I open the blinds, and to my astonishment, there is a parrot sitting on the balcony, staring back at me. Slowly I slide open the doors, and suddenly he shrieks, “Roll your eyes, dumbo; you might spot a brain in that thick skull of yours, if you are lucky.”

More stories from the Apartment Block series below.





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Author: Petra Kidd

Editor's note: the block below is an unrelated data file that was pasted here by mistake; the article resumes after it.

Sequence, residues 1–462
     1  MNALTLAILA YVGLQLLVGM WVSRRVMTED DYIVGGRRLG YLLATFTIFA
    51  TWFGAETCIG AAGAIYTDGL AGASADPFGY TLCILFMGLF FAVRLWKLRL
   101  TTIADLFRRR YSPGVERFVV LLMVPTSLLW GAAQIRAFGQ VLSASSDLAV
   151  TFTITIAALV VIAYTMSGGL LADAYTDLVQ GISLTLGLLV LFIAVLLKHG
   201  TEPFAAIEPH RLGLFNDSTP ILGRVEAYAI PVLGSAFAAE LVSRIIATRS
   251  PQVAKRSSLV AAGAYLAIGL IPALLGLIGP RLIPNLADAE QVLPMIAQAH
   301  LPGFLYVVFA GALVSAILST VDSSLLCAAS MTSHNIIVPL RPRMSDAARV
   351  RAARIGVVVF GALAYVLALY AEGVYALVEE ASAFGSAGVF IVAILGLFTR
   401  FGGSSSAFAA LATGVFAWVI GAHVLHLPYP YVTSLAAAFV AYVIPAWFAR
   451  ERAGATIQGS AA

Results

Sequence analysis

Norfolk UK is my home, I live in Norwich by the River Wensum where everyday there is something different to see and learn. I feel a big affinity with the river as I grew up in Cambridge, another great river city. My childhood and teens involved many walks along the Cam where we would watch 'The Bumps,' raft races and as we grew older we enjoyed adventures on our punting pub crawls. Growing up in a multi cultural university city definitely influenced my reading choices, I am a big fan of Japanese fiction, love French literature and enjoy Shakespeare. As a young teen I entertained myself with Jilly Cooper and Dick Francis and then became quite obsessed with Henri Charriere's Papillon. At school all I cared about was English, Art and French, in that exact order. When I finished with school I went to live and work in Greece for a wonderful year before returning to study English Literature and Sociology. At this point I read more classics like the Wyf of Bath, Wuthering Heights and Portrait of the Artist as a Young Man plus poets such as Wilfred Owen. My first UK full time job was with Heffer's Paperbacks where I devoured several books at a time, excited by the fact I could borrow what I liked. Bizarrely for me I remember reading The Zurich Axioms, I have no interest in the stock markets but it had me gripped. I can't remember why I picked it up but I have never forgotten it. Heffers introduced me to so many authors, via their books and sometimes in person. It was here I learned about all the genres, it fascinated me that science fiction and horror were so popular, I tried reading it all. Aside from writing letters, it didn't really ever occur to me to write anything myself for many years as I worked my way through a variety of interesting and varied jobs. Then on a visit to the London Aquarium I became struck by an idea so powerful I sat down and wrote my first novel. It went nowhere as really I wrote it because I wanted to. I wrote another novel and again, didn't have the persistance or determination to take it further, I simply enjoyed the process of writing and my characters. Then years later another idea struck me and during a severe bout of Pleurisy where I couldn't do anything physical for months, I wrote the Eight of Swords and The Putsi. This time I published them as ebooks and they became pretty popular. When I fully recovered, I had to concentrate on my business and looking after my mother who has various health issues and the writing went adrift again for many years until 2020 when the Coronavirus pandemic hit the world. March 2020 I moved to my apartment alongside the Wensum to live alone for the first time ever. During the first lockdown I began to write a diary and then the idea for a new set of short stories came to me and in February 2021 they will be published. The Covid-19 Pandemic is not simply a scary virus, it is a historical time and here we are trying to live through it. To many it will feel like a punishment but to me as a writer, in some ways, it came as a gift. Please stay as safe and as well as you can. I hope to entertain you with my stories as we all try to get through this together, even though we are apart. Petra